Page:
Our housing programs have one goal: to help people live an independent, productive, and satisfying life in the community.
It began simply enough: in the mid-70’s, Unity Park House opened as a community residence, where people and staff lived together. It was a time when people with mental illness were being ‘deinstitutionalized’ for a community-based form of care.
In a community residence, there is staff: the day-to-day rehabilitative and support activities performed in a community residence are vital for people who face the daily challenges of living with a psychiatric disability.
Later, Supportive Housing came about as a national response to the lack of affordable housing for people living in poverty. A combination of housing and services, it is more customizable, depending on a person’s needs. Like a community residence, supportive housing recognizes self-determination, emphasizes choice, and allows individuals to remain on a permanent basis, if they chose. It is an evidence-based approach to treating and preventing chronic housing instability, an issue that is about much more than just a roof over your head.
Supportive housing is a cost-effective way to help people live independently. Generally, a person who might benefit from supportive housing is considered vulnerable due to serious mental illness, trauma/abuse history, substance use, a chronic medical conditions like HIV/AIDS, or a combination of factors.
Supportive housing is permanent and affordable: residents are tenants who hold leases, paying no more than a third of their income towards rent and utility costs. Supportive housing units, often apartments in a building or in scattered sites, are managed by nonprofit organizations like Unity House, who are accountable to their funders.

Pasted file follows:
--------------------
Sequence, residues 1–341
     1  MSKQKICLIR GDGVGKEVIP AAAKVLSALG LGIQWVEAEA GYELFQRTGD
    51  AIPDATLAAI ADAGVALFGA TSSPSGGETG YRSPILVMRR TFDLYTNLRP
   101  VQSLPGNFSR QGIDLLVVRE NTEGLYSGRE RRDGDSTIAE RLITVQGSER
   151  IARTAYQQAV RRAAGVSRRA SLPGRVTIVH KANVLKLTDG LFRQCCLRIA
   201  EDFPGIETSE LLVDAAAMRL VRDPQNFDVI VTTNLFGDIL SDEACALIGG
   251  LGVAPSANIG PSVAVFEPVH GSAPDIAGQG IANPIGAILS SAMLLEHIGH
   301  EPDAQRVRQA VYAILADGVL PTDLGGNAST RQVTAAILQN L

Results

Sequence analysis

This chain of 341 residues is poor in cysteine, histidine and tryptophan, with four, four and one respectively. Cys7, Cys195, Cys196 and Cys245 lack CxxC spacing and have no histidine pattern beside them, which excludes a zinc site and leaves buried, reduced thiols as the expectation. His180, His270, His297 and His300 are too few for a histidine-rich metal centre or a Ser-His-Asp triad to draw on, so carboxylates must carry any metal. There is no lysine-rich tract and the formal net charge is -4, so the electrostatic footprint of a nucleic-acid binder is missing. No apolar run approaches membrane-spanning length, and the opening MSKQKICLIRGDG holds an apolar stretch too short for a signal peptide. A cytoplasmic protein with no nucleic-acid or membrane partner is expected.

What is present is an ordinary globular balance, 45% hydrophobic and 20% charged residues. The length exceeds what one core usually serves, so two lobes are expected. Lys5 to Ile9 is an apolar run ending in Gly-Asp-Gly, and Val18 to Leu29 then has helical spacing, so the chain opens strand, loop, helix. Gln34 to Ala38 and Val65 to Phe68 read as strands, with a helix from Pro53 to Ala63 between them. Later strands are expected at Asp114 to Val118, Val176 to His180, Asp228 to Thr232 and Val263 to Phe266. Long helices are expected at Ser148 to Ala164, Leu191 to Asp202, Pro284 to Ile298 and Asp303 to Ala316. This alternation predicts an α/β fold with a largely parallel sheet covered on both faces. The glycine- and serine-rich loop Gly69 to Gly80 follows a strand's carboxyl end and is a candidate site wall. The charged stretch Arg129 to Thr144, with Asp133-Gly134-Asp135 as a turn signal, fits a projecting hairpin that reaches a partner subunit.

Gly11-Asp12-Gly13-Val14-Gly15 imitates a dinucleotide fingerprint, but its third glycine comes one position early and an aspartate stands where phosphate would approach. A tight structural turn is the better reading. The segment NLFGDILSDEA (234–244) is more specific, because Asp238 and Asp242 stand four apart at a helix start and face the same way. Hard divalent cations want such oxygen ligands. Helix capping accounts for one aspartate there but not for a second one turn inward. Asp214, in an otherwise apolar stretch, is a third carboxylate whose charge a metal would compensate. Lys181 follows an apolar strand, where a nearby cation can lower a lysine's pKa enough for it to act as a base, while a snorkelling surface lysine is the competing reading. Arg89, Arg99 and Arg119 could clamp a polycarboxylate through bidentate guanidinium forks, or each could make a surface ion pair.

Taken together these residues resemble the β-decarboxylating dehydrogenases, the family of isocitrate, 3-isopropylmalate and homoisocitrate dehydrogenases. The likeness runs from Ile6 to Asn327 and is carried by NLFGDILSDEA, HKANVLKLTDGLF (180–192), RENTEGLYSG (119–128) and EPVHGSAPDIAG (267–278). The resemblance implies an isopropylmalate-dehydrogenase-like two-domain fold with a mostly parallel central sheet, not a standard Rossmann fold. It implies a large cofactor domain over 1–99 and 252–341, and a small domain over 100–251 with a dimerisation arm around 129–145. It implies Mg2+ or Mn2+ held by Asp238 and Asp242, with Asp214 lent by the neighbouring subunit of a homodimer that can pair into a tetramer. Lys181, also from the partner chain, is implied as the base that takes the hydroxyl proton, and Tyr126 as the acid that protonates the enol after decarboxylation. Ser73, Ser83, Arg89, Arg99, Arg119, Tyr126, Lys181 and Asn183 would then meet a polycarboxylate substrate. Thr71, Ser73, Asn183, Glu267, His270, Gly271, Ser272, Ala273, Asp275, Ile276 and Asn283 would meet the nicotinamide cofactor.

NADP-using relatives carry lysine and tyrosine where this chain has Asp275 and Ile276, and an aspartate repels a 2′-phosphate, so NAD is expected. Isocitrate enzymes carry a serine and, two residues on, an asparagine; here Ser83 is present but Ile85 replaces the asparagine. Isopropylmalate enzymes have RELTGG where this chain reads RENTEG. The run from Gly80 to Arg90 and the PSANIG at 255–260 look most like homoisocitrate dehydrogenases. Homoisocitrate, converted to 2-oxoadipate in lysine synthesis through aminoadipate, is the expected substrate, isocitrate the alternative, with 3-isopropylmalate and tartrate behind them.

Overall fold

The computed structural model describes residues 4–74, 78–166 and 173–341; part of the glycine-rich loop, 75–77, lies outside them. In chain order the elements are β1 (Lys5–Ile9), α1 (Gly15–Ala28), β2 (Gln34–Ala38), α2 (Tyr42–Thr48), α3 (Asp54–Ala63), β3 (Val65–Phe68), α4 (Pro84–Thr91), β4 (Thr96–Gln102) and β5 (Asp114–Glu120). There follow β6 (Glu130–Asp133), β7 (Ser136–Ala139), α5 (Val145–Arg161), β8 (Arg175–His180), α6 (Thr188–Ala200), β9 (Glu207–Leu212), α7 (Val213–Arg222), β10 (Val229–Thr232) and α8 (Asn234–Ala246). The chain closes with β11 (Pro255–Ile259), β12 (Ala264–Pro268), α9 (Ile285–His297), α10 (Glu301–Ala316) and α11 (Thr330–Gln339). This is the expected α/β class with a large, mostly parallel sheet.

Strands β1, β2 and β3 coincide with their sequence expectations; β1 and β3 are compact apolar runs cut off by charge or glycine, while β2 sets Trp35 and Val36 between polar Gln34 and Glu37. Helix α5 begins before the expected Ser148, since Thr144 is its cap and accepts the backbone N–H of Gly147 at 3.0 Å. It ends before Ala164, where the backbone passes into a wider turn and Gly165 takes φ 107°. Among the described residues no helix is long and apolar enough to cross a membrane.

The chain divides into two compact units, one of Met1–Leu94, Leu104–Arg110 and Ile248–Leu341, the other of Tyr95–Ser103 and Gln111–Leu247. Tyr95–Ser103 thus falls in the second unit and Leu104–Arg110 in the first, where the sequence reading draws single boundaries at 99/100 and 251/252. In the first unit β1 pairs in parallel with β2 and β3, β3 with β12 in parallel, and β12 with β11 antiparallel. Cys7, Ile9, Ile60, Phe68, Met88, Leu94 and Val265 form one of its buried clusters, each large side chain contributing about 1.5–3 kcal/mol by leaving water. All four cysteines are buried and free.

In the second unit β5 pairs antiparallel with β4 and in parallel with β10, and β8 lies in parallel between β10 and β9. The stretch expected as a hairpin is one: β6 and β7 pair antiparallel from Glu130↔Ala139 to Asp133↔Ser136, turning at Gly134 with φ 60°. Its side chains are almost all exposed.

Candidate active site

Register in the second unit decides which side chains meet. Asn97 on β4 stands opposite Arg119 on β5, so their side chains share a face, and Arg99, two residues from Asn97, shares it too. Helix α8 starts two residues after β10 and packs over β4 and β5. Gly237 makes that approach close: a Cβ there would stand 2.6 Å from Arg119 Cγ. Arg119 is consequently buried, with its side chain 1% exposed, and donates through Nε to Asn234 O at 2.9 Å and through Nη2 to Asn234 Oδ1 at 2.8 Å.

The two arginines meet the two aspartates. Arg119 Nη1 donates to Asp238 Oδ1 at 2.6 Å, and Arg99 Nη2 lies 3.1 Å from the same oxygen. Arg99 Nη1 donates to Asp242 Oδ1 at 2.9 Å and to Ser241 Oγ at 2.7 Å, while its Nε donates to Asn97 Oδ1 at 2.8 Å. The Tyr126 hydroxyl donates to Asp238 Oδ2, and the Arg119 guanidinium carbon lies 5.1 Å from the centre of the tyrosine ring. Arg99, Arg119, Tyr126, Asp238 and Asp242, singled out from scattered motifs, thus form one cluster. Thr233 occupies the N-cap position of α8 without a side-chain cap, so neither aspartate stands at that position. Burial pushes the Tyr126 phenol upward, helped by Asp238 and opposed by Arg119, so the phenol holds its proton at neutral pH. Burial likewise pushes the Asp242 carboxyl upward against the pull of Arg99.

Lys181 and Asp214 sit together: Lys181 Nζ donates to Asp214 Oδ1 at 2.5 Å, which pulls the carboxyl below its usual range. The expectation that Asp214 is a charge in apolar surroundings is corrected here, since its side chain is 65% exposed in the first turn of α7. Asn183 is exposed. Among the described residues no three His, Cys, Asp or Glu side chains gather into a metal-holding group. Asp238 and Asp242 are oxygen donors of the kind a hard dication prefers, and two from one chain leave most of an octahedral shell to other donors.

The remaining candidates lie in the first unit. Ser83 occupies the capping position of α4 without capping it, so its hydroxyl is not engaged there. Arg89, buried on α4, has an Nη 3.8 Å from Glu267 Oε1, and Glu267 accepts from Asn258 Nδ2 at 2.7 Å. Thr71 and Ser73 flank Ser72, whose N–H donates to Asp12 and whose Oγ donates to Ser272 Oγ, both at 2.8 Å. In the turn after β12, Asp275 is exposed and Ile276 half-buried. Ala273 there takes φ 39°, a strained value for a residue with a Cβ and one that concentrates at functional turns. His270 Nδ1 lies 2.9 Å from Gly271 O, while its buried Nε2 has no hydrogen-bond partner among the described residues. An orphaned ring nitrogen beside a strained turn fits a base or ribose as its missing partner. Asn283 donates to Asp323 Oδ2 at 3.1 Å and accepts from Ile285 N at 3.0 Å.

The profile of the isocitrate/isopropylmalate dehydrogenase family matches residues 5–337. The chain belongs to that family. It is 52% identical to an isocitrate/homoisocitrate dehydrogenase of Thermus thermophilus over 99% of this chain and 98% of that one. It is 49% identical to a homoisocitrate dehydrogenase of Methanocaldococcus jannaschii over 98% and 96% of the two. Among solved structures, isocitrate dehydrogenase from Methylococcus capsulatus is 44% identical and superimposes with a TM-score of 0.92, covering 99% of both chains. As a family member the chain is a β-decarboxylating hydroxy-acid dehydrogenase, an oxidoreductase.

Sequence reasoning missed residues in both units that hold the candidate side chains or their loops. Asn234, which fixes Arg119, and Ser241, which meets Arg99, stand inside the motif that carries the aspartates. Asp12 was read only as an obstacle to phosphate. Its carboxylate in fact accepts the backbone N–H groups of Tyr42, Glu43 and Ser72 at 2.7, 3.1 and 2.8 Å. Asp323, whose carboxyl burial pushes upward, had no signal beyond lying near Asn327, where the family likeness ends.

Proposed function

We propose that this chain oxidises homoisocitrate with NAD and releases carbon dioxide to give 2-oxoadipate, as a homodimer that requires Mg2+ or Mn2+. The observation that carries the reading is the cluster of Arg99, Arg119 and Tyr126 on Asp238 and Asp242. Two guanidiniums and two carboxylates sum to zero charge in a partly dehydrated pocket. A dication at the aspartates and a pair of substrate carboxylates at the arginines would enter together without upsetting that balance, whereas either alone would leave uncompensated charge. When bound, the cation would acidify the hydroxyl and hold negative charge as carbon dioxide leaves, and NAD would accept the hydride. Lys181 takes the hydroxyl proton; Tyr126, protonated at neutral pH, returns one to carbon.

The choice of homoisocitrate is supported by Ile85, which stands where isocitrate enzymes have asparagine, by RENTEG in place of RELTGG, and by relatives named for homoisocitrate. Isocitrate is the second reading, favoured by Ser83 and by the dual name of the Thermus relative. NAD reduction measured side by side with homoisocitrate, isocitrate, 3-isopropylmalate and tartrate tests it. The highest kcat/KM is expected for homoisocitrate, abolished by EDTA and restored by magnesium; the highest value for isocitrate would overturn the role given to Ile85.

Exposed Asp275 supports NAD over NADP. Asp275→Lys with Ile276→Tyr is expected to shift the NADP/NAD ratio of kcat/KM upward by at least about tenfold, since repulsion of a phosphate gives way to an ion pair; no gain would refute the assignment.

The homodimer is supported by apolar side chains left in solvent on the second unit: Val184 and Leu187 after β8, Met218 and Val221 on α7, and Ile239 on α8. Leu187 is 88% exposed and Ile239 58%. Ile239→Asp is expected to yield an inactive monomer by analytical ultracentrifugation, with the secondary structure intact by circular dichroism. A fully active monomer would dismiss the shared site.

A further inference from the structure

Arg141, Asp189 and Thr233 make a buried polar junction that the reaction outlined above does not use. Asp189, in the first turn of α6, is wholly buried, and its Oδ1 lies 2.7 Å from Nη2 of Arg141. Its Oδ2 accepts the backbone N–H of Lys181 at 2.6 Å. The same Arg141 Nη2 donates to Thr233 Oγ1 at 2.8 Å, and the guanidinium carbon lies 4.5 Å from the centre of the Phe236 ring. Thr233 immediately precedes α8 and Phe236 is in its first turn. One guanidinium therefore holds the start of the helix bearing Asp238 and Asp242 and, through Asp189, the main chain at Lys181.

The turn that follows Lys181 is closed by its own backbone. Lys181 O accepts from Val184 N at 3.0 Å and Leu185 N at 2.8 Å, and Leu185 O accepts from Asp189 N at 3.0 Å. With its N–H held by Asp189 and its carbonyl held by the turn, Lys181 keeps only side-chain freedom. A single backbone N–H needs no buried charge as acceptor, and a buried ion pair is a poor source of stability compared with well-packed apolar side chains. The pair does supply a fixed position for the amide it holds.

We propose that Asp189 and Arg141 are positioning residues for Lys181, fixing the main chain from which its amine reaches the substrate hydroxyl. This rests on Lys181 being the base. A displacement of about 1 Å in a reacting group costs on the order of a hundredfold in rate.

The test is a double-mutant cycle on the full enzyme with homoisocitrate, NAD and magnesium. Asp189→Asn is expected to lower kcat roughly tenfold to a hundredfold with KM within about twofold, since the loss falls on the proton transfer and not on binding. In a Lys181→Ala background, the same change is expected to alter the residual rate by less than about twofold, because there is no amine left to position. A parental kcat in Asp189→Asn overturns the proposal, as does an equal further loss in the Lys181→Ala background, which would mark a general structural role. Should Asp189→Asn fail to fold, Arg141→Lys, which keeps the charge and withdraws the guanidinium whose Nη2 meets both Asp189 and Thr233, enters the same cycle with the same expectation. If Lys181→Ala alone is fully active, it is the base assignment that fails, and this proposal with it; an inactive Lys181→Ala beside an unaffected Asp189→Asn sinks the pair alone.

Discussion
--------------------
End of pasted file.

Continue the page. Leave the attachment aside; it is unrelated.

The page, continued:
Supportive housing can play an important role in neighborhood renewal, as is the case in Hillside North in Troy, where neighbors worked with Unity House, TRIP and other partners to create new housing stock, replacing vacant buildings and filling in empty lots. It’s a way to ‘re-knit’ a neighborhood and bring affordable housing stock on the market, while improving community safety simply by having more people and services in the vicinity.
No matter the living situation, Unity House’s housing programs and array of support services- which cover everything from transportation to a doctor’s appointment, to help getting vet care for a beloved pet- strive to honor a person’s inherent dignity. Guided by principles of Housing First and non-judgement, we are able to help people get their most basic need met in a dignified way, which is also one that promotes success and recovery.
If you’d like to learn more about Unity House’s Housing, Support, and Case Management Services, please reach out. We are fortunate to have staff with areas of expertise who can share their knowledge on a variety of topics related to housing for people in need.